Broken down by value, TOV led with 23%; grape, 22%; roma, 16%; vine-ripe, 11%; minis excluding grape, 10%; and greenhouse-grown, 9%.
Martin Ley, president of Fresh Evolution, Nogales, said the migration toward protected culture — a term that includes greenhouses and shade houses — and specialty tomatoes has been market driven. Expansion into regions that were not traditional tomato production areas also is being driven by the market and its desire for year-round supplies.
“If you go into specialties, it’s very hard for a restaurant chain to have a very good tomato that’s going to drive sales, drive loyalty from the consumer, if you don’t operate year-round,” Ley said.
Canadian producer JemD Farms, which struggles to put out a quality greenhouse product in the winter, has started operations in Mexico to provide year-round supplies, said Jim DiMenna, president and chief executive officer.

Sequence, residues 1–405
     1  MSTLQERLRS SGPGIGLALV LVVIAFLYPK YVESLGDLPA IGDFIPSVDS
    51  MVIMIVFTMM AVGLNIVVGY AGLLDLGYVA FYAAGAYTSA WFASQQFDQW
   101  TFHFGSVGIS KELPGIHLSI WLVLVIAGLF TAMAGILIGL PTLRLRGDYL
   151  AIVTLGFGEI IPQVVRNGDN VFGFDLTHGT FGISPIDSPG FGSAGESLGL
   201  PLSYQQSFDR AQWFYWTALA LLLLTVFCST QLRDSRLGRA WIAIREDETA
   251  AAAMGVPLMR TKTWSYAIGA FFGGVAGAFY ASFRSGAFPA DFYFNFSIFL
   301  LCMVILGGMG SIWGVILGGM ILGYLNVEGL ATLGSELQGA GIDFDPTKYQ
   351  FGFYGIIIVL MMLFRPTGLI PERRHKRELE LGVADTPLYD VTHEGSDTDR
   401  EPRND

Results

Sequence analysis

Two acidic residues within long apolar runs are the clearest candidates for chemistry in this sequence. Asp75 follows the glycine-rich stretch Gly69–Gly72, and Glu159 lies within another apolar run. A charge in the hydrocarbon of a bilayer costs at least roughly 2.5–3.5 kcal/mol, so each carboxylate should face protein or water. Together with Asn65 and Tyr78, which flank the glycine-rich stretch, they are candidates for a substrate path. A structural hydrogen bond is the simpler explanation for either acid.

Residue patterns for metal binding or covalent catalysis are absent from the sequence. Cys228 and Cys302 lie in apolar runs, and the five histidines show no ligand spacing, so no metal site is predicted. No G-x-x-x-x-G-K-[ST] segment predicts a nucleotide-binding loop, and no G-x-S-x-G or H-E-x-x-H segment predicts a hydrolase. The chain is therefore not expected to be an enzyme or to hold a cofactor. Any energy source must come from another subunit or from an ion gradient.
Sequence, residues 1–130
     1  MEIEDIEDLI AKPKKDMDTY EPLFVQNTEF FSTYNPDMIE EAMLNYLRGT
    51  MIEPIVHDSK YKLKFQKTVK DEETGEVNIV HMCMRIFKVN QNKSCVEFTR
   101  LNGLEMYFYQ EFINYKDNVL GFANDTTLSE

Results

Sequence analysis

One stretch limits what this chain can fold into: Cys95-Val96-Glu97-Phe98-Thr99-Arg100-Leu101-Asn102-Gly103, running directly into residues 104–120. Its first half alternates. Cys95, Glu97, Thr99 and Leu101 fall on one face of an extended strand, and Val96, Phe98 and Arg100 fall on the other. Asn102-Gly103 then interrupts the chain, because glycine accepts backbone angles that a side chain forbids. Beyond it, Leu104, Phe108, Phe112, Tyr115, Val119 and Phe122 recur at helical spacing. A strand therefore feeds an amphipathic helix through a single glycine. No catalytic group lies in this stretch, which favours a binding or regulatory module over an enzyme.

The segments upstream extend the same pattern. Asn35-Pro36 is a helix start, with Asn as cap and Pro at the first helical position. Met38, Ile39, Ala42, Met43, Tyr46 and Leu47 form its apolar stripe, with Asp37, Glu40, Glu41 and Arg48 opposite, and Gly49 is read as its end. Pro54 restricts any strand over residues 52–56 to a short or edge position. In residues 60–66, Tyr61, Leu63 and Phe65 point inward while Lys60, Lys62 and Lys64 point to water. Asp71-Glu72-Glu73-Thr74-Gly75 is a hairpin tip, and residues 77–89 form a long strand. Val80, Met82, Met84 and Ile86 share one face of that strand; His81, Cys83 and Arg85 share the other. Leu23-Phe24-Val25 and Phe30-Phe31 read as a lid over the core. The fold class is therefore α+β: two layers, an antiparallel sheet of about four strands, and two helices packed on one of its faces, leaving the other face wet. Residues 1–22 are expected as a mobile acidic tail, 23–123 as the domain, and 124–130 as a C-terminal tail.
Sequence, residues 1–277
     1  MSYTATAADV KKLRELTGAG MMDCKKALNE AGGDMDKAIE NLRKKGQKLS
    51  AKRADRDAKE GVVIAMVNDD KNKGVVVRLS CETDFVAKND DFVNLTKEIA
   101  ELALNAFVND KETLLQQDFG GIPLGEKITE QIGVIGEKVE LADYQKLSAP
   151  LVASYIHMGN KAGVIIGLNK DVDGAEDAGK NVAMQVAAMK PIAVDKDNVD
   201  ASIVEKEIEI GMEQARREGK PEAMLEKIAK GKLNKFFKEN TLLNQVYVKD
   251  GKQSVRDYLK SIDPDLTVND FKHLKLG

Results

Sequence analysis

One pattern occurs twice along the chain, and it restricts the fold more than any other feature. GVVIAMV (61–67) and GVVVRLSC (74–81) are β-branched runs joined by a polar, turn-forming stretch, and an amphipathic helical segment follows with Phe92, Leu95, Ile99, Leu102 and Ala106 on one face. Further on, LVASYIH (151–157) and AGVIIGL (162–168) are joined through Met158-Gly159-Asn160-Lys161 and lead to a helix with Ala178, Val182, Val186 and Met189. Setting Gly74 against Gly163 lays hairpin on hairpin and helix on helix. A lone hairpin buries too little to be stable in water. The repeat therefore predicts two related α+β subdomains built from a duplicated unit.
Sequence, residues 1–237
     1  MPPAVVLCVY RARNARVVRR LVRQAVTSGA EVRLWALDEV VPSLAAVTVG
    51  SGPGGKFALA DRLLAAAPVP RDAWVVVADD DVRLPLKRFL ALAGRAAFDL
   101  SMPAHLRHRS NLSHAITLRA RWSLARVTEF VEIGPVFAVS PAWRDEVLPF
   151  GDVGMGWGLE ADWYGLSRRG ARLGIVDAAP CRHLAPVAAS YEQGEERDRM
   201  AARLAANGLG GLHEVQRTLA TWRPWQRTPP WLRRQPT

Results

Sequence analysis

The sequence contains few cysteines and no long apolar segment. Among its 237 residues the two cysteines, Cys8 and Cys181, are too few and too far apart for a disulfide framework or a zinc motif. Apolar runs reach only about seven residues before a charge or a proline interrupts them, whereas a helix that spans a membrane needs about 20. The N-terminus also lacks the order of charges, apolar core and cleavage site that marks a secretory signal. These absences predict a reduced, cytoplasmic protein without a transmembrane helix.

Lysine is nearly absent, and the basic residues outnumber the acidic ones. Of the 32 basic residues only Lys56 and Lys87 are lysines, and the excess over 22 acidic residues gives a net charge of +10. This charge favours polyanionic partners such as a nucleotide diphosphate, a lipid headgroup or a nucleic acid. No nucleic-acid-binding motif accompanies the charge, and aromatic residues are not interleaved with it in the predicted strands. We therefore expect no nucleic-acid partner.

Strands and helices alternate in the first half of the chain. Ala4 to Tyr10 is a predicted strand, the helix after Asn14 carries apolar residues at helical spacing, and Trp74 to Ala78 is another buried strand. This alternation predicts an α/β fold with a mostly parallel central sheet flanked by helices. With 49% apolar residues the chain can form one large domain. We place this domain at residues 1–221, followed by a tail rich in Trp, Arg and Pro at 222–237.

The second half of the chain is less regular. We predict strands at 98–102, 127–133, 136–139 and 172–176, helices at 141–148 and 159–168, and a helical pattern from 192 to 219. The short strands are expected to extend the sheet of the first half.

Mexico’s domestic market also has changed. Tomatoes that couldn’t meet U.S. standards used to go to the domestic market, Ley said.
But Mexican consumers are becoming more discerning and demand a quality product. Those changes also provide opportunities to progressive Mexican grower-shippers, he said.
“If you can’t export to the U.S. profitably or above the suspension price, you need to move the product domestically,” Ley said. “Some of the Sinaloa exporters who have already developed that infrastructure have a better opportunity to move product into the market when they can’t meet the suspension price rather than importers who are entirely U.S. dependent.”